(Editor’s note: This analysis is appearing this week in both ADWR’s Arizona Water News and CAP’s Know Your Water News.)
At this time last year, conditions in the Colorado River Basin were dire. We knew we were heading into the first Tier 2a shortage for 2023. But we also knew that more needed to be done to stabilize the critical levels of the Basin’s two main reservoirs – Lake Powell (held back by Glen Canyon Dam) and Lake Mead (held back by Hoover Dam). Lake Powell was set to release the lowest volume since filling and Mead was anticipated to head into a Tier 3 shortage or greater in 2024. The Bureau of Reclamation (Reclamation) was considering additional protection measures as part of a Supplemental Environmental Impact Statement (SEIS) that would modify Powell and Mead operations.
So, what happened this year – and where are we headed for 2024 and beyond?
2023: Mother Nature and the Lower Basin States step up
The Basin experienced excellent snowpack last winter and above average runoff in 2023. That helped forestall an immediate crisis, but more actions were necessary. In April, Reclamation released the Draft SEIS, with action alternatives that were unacceptable to the Lower Basin States. In May, Arizona, California and Nevada announced a consensus proposal to conserve historic volumes of Colorado River water in Lake Mead. With this proposal in hand, Reclamation withdrew its Draft SEIS and in October released the revised Draft SEIS with the Lower Basin States’ consensus proposal designated as an Action Alternative. We anticipate a final decision in spring 2024.
Historic conservation in Arizona
Arizona has already made significant progress toward the Lower Basin States proposal, conserving those historic volumes of water in Lake Mead. In 2023, we’ve conserved nearly 950,000 acre-feet, including our mandatory 592,000 Tier 2a shortage reduction, plus an additional voluntary contribution of more than 356,000 acre-feet. A big thank you to our 2023 conservation champions.
2024: A return to Tier 1 shortage
The combination of favorable basin-wide hydrology and conservation efforts across the Lower Basin have improved the reservoir contents to the point that in August, Reclamation announced a Tier 1 shortage reduction for 2024 and not the Tier 3 or greater reduction that was anticipated earlier in the year. This still requires a heavy lift from Arizona with a 512,000 acre-foot reduction, just 80,000 acre-feet less than the Tier 2a shortage reduction we’ve taken this year. This represents about 30% of CAP’s normal supply; about 18% of Arizona’s Colorado River supply; and just under 8% of Arizona’s total water use.
Looking toward the future
The 2007 Shortage-Sharing Guidelines and the Drought Contingency Plans expire in 2026. The good hydrology and additional voluntary conservation in the Lower Colorado River Basin have resulted in a relatively stable Colorado River Basin system in the short-term, giving the Basin states and Mexico a bit of breathing room to negotiate the next set of guidelines that will go into effect post-2026.
In June of this year, Reclamation formally announced its intent to prepare an Environmental Impact Statement (EIS) for post-2026 operations and solicited public comments on the scope of specific operational guidelines, strategies and related issues. In October, Reclamation released its post-2026 Scoping Report, which summarized the more than 24,000 comments received and identified its anticipated purpose, need and proposed federal action.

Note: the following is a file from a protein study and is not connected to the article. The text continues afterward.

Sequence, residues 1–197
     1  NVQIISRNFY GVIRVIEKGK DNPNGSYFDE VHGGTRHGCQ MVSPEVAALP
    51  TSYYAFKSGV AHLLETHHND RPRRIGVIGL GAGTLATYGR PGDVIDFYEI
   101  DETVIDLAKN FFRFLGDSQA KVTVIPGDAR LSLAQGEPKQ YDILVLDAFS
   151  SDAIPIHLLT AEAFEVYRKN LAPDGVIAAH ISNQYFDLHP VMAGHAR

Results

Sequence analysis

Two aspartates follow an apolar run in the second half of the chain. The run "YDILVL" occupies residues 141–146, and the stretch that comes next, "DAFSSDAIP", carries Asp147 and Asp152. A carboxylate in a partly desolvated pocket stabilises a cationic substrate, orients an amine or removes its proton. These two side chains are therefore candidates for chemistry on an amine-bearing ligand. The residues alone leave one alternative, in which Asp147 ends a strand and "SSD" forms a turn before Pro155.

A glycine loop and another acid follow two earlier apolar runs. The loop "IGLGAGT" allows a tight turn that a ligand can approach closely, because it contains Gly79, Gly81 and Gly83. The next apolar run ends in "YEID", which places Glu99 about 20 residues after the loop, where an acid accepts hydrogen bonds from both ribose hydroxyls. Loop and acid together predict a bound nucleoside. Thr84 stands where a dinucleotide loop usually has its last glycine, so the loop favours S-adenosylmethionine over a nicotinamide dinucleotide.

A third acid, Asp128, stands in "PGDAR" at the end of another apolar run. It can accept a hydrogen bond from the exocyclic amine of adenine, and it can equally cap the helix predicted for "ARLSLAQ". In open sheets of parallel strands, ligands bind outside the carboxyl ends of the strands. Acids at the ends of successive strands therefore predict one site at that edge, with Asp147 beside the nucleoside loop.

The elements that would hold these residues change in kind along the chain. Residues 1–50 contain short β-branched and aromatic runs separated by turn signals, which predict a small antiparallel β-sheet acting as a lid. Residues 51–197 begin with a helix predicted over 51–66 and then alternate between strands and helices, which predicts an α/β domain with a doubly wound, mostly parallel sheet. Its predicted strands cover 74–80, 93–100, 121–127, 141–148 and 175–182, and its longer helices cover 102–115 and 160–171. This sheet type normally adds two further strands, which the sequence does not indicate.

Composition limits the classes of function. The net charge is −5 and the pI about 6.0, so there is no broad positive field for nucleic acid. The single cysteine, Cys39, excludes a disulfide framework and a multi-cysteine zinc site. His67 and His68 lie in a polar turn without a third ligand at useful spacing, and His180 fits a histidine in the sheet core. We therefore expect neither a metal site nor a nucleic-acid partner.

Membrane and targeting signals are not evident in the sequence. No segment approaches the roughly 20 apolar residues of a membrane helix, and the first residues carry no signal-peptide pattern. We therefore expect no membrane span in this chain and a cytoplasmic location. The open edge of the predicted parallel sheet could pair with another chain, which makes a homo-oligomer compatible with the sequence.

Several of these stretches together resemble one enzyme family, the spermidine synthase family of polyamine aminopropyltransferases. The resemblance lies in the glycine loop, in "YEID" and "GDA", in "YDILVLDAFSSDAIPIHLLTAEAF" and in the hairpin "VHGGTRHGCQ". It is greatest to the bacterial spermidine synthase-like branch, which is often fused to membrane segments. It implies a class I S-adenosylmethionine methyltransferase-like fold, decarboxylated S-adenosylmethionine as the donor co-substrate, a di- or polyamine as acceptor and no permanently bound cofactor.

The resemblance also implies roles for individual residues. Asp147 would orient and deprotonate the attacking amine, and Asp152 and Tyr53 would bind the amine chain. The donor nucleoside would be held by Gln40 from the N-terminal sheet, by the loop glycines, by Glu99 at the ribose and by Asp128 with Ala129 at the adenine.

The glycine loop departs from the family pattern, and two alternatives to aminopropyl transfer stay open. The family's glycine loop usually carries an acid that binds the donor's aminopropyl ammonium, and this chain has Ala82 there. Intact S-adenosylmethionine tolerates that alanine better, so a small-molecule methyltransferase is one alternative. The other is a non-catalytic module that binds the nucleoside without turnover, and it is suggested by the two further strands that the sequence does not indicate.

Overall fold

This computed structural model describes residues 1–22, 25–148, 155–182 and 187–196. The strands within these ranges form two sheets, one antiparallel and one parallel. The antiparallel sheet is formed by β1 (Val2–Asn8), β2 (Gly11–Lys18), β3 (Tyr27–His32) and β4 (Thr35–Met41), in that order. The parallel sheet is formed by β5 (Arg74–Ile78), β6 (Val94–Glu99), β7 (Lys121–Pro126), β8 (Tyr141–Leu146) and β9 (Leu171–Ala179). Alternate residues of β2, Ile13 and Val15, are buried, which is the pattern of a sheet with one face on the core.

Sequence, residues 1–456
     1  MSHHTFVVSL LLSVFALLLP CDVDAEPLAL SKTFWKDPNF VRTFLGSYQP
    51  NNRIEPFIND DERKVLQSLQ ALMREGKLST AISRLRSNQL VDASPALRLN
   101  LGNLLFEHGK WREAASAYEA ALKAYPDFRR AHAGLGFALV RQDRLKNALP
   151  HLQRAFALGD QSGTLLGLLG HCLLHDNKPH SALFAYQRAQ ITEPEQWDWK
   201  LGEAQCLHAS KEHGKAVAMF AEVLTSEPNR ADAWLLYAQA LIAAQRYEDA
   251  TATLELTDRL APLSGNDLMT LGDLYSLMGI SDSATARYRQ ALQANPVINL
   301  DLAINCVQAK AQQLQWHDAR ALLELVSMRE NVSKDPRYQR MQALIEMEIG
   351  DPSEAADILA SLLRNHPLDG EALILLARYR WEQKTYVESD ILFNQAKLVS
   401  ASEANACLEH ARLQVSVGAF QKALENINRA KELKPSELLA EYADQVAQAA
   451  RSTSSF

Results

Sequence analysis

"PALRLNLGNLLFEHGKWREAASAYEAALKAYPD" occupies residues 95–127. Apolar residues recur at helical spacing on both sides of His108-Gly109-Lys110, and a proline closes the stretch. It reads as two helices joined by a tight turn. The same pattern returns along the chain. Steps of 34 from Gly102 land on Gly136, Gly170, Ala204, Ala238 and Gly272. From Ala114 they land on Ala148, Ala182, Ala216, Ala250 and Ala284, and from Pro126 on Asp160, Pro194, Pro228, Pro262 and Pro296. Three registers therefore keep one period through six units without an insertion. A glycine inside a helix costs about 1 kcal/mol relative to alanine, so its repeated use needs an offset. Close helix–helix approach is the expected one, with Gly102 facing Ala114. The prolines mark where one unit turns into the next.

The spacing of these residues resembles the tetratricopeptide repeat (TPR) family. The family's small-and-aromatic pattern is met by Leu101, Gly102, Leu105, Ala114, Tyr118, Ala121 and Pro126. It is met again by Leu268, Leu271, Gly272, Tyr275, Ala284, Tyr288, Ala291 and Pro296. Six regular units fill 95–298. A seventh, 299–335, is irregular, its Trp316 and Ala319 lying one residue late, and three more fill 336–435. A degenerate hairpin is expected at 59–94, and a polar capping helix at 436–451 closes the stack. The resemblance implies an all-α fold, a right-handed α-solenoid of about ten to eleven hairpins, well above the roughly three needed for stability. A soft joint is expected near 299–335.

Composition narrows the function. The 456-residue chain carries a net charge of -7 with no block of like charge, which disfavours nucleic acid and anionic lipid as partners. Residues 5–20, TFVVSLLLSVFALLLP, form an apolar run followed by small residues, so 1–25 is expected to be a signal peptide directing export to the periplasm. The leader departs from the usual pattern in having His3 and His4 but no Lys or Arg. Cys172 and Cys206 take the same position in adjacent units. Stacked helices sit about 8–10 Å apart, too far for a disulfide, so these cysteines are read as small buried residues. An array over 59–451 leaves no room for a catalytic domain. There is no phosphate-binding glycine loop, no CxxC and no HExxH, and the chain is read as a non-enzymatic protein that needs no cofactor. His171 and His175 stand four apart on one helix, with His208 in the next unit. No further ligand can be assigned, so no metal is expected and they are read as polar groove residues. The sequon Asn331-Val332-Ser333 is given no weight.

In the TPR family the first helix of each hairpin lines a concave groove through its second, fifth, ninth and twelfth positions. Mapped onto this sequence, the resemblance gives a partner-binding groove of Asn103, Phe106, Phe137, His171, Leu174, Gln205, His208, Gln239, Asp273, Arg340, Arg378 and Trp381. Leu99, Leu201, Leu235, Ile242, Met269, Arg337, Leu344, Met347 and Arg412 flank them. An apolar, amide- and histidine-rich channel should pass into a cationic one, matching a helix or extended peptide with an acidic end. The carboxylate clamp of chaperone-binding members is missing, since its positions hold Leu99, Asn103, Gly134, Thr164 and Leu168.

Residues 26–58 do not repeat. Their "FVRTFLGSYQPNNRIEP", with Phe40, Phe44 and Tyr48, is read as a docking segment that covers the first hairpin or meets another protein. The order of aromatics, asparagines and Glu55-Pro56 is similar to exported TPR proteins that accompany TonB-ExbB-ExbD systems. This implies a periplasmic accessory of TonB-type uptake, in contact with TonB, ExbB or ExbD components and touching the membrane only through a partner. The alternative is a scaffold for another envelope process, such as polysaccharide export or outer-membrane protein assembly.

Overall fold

Arizona has been working with the lower basin states to come up with concepts that would lead to a sustainable River system. The Lower Basin’s stated primary objectives are to:
- Improve the sustainability of the Colorado River over a broad, but plausible range of future conditions
- Increase the predictability of reductions
- Address the structural deficit by sharing reductions among the Lower Basin states and Mexico
- Share the risks and benefits of the system equitably within and between the basins
At the Arizona Reconsultation Committee meeting on November 2023, a new system contents approach was presented, basing shortage reductions on the volume of water available within Lake Mead, Lake Powell and the other major reservoirs in the system (Blue Mesa, Flaming Gorge, Havasu, Mohave and Navajo).
Unlike the current approach, which is based on the elevations of only Lake Powell and Lake Mead, the new dynamic approach is based on water available in all major reservoirs in the Colorado River system. This approach helps provide a clearer picture of the health of the system, as well as achieve supply demand balance by triggering reductions based on the health of the system. To provide as much certainty as possible to water users, and with the understanding that drier futures are likely, the intent is to keep the reservoir contents in a range that ensures a less variable reduction volume. Of course, the primary goal is to avoid crashing the system with this approach.
We anticipate that other alternatives will be put forward and that Reclamation will issue a draft EIS in late 2024 with a comment period to follow.
This summary should catch you up as we look forward to the new year. Please stay tuned to the River Updates section of Know Your Water News for updates in 2024 and beyond!